Dan: Yeah, yeah I will. I will be spending a lot of time on this and giving people specific things. Frankly, not just the kind of stuff that we are talking about here, where you kind of get the general gist. But it’s more like, do this. Number 2, do this. Number 3, that kind of thing. There is kind of a formula to it. So what I want to do in the future is, with you I’m talking about is, I want to talk about other aspects of trading away from the discipline, but the mental aspect of it is big.

Like you were just mentioning about looking for a car, that’s the top. It could be the same thing like you’re looking for a bomb shelter, well that’s the bottom. There are a lot of things in the charts that you can look at. And I have said this many times, many times, when I look at a chart I don’t see price action, I do obviously, but what I am really looking at the chart for is what is the crowd doing right now? What are the retail guys doing because they are always last to the party and last to leave and they don’t even get the dregs in the keg. They just get the broom and have to clean up.

So you look at charts, you look at the way a stock is trading relative to the news and that tells you what the crowd is doing. It tells you what the institutions are doing. That’s the kind of knowledge that if you have it you can make really good money and not make really bad decisions because you get it.

All you are trying to do when it really gets right down to it because our market and trillions of accounts trade our financial market, so you think about that, what are you trying to do? You are trying to figure out what the mob is doing. It’s not like, what’s Cramer say, screw Cramer, screw me, screw anybody, not you though.

The point is, you are not trying to figure out what one guy’s opinion is. It really doesn’t matter. What you are trying to figure out is, what the crowd is thinking? What are the institutions thinking? Those are the smart folks in the crowd. If you can get a handle on that, now you’ve got some powerful stuff that you can use in your own trading because all you want is to hop on board and let the wind be at your back. And that is what the charts allow you to do.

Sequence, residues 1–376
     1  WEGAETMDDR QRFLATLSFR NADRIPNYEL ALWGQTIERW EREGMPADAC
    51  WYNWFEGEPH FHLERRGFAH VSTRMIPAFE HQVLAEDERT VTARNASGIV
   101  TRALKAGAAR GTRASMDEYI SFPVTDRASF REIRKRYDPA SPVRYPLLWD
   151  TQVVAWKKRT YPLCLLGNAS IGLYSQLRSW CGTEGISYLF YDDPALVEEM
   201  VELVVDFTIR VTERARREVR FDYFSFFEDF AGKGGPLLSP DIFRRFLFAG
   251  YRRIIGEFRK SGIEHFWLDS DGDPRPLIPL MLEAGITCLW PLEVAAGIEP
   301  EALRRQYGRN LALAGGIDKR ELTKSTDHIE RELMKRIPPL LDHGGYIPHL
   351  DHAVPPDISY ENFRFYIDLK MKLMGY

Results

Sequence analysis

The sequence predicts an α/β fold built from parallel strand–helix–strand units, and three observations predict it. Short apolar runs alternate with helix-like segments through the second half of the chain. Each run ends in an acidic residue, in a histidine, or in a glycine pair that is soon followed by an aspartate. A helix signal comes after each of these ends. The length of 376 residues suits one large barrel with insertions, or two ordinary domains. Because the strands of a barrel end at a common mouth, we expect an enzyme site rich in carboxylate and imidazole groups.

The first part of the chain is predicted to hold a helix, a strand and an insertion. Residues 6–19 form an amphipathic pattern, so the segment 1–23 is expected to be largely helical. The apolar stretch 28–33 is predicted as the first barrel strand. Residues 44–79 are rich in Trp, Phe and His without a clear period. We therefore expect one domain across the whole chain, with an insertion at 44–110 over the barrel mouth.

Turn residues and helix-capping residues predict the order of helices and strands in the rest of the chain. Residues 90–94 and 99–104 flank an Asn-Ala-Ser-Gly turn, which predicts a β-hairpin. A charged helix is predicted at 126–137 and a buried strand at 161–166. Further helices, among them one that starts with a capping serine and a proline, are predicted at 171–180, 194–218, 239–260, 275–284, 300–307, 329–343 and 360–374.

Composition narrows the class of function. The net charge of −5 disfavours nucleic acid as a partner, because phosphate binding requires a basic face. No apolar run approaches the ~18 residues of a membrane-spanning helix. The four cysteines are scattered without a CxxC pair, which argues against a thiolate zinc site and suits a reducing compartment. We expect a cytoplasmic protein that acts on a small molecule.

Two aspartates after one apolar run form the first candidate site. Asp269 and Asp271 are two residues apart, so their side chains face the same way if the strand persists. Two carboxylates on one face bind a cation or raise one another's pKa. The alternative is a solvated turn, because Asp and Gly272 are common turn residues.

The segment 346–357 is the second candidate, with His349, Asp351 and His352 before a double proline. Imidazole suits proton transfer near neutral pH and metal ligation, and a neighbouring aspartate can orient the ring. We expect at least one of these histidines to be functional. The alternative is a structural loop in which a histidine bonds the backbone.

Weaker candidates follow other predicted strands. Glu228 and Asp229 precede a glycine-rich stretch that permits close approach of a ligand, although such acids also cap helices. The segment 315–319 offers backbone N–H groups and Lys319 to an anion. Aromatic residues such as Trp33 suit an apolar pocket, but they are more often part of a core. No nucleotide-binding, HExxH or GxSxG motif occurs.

I will ask people all the time, hey what do you think about this? What do you think about that? Well, let’s look at the chart and see what that says. That’s a simple way of saying, let’s look at the chart and figure out what is really going on to make the chart. The chart doesn’t make the trade, the trade makes the chart.

Scott: Nice Dan, I really appreciate your time and all of this, and I look forward to more conversations like this. This is so much fun and I recommend people check out your Next Step program information on the website at www.stockmarketmentor.com.

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One comment

  1. avatar Tregnier says:

    Thank you Dan and Scott.
    The part of the discussion that resonated with me the most was when I lost my discipline which caused a single bigger loss than usual but overall I have been doing well. I think the discipline model applies to all aspects of life. That one time when you decide “what the heck, I have a hunch even though the chart and market conditions are not within my practice”. It usually ends in a bigger than acceptable loss. Very rarely, you get lucky, but must realize, that was gambling if you did get lucky. I don’t like that feeling either. Very good discussion from the both of you!